Q: You were an impeachment manager during Trump’s second trial. Looking back, is there anything you would have done differently? 

A: That’s certainly a question I’ve thought a great deal about. And I suspect my fellow managers have too — I’ve talked about it with [Jamie] Raskin from time to time. 

Ultimately, my answer is no. In the speeches they delivered after the trial, Leader [Mitch] McConnell and others made it very clear that there was, in fact, a two-thirds majority in the Senate who believed that the former president had engaged in conduct sufficient to justify conviction. I mean, we proved our case. But political considerations took center stage for several of those senators, and that’s unfortunate. 

I always remind people that we ought to look back on that impeachment and take pride in knowing there were seven Republican senators who chose to do the right thing, who chose country over party and took a stance that was politically courageous. Of course, some of those senators are no longer serving in the Senate. 

Q: You’re now the chair of the House Democratic Policy and Communications Committee, the messaging arm of your caucus. So what’s the message you want to send?

A: Our message is very simple and straightforward. House Democrats are more united than ever before. That was on full display during the course of 15 rounds of balloting for speaker of the House. 

We are focused on doing what we have done for the last four years since I arrived in Congress, which is working on the priorities that everyday Americans care about — better paying jobs, lower costs for working families, building safer communities, defending freedoms. Contrast that with the confusion and noise and dysfunction that we’ve seen on the other side of the aisle.

Speaker McCarthy’s capitulation to the right wing of his conference should concern every American, in my view. The concessions that he made have now rendered the House ungovernable. I worry a great deal about the other side of the aisle eroding the full faith and credit of the United States, as the debate over the debt ceiling looms large. 

We will look to forge consensus wherever we can and extend a hand out to our colleagues on the other side, because there are important issues facing the country. The farm bill comes up in just a few months, for example, and every American who traveled over the holiday season knows the importance of taking the FAA reauthorization seriously.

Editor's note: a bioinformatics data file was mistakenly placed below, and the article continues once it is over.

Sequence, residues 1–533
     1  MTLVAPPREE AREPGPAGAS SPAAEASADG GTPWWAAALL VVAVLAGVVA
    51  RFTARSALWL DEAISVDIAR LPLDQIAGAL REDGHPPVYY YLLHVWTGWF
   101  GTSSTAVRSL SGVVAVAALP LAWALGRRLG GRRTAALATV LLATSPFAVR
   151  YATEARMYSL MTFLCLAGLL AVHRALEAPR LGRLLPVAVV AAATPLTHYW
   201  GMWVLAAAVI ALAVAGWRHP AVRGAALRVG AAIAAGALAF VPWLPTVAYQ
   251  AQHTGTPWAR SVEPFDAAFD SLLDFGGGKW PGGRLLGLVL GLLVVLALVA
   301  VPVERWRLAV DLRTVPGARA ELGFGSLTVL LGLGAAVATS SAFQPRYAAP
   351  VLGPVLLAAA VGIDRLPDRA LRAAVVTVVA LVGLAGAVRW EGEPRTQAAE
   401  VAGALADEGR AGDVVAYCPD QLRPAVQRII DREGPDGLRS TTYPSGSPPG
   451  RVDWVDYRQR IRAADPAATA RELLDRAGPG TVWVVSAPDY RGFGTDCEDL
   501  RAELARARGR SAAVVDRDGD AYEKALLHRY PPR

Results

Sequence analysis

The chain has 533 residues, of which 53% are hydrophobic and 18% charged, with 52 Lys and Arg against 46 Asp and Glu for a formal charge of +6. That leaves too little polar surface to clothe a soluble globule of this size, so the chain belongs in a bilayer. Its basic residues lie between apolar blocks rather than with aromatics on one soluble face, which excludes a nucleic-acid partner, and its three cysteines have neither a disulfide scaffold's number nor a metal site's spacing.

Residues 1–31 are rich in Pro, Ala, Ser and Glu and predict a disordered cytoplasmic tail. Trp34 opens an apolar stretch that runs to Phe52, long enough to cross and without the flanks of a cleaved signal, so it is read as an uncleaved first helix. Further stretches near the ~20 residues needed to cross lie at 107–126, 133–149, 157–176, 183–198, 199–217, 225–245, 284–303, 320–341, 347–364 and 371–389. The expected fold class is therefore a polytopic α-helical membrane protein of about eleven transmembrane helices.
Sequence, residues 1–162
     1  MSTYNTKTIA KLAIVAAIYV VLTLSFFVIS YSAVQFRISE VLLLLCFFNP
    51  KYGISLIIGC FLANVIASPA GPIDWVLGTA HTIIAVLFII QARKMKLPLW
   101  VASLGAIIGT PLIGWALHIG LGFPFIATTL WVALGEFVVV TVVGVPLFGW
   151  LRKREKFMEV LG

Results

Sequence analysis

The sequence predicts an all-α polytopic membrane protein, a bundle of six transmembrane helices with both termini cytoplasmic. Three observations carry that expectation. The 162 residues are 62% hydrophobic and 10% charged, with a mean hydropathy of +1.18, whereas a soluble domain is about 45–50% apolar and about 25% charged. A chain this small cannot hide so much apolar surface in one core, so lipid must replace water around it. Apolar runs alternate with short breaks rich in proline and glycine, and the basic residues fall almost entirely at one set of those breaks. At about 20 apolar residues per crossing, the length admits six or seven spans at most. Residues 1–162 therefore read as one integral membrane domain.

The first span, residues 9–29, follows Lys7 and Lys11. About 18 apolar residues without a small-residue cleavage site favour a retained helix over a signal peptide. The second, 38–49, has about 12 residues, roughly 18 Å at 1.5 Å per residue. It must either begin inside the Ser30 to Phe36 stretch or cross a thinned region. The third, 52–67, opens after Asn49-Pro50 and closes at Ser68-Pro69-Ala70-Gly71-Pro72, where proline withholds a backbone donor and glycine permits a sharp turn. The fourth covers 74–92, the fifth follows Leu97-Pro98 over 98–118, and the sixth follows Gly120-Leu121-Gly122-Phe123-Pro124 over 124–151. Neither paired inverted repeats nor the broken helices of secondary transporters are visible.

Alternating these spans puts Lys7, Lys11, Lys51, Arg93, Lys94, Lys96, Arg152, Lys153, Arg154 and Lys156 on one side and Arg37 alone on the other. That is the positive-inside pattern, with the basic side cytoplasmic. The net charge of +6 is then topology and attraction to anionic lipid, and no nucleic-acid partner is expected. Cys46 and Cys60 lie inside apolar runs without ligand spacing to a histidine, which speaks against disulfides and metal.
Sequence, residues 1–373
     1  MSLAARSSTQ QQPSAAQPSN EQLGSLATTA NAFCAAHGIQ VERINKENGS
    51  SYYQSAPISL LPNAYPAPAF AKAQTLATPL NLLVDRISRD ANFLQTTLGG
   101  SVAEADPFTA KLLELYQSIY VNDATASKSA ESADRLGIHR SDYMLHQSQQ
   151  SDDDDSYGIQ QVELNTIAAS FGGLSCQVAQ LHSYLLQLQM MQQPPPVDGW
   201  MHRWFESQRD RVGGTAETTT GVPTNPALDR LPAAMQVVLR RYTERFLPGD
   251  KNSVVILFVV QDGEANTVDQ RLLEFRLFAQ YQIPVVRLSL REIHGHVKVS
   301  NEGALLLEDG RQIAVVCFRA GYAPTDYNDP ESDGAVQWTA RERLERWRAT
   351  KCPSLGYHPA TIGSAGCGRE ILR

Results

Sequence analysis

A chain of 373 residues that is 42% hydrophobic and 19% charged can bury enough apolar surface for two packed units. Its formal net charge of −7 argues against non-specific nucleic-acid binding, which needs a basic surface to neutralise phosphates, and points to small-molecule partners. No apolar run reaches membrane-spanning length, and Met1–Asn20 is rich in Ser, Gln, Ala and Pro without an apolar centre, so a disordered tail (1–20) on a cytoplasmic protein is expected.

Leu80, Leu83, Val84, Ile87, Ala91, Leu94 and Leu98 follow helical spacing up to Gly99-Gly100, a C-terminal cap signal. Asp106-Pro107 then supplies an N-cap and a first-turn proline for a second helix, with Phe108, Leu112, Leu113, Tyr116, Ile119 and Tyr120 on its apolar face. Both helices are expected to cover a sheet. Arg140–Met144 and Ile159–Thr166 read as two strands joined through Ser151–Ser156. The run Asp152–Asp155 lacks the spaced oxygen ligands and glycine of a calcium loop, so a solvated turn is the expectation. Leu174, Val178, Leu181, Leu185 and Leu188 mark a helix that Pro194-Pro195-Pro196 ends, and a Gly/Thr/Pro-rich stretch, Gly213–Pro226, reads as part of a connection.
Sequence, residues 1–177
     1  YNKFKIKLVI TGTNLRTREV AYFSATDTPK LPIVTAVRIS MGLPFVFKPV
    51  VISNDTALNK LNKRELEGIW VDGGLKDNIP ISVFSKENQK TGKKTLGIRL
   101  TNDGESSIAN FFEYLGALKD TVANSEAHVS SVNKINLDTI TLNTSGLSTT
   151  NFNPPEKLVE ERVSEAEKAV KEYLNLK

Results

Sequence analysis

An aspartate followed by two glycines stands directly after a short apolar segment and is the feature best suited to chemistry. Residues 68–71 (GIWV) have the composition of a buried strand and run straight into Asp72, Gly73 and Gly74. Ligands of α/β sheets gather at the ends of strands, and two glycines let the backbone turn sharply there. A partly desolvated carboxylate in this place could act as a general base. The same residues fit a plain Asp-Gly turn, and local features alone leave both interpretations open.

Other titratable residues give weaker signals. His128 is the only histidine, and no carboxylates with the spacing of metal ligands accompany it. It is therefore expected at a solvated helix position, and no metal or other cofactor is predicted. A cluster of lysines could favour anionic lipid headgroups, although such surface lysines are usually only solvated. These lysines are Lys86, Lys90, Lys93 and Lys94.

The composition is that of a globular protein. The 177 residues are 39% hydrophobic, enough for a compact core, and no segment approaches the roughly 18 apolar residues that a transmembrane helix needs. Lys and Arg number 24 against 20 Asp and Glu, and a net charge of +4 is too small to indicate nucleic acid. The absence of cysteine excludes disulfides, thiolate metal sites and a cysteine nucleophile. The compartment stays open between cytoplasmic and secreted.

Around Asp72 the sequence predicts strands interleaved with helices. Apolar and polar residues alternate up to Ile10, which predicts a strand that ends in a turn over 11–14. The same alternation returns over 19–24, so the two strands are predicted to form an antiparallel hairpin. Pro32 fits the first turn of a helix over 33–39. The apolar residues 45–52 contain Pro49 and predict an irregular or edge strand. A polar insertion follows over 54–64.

And there are a variety of other must-pass pieces of legislation. Our goal is to get those across the finish line — and also stand in the breach to defend democratic principles when those come under attack by the right wing of the Republican Party.

Quick hits

Last book you read? A biography of James Madison by Lynne Cheney and a biography of Abraham Lincoln by Jon Meacham. I shouldn’t read them on my phone, because it ruins your eyes, but on the plane it’s easiest.

Closest friend across the aisle? I wouldn’t want to get them in any trouble, given the heated political environment that we have. But I co-chaired the Bipartisan Wildfire Caucus with John Curtis, I served with Ken Buck on Judiciary, and Kelly Armstrong and I came in with the same class. 

In politics, can the ends justify the means? No. The way you pursue policy victories matters just as much as the outcomes. In order for our democracy to thrive, you have to adhere to basic norms and rules of decorum.

Best concert you ever went to? I represent the best musical venue in literally the world. Red Rocks is just incredible. I saw Dave Chappelle and John Mayer there with my wife, and I also saw Michael Franti. 

If you could do any other job, what would it be? I’d be practicing law. Prior to coming to Congress, I spent the majority of my career in private practice.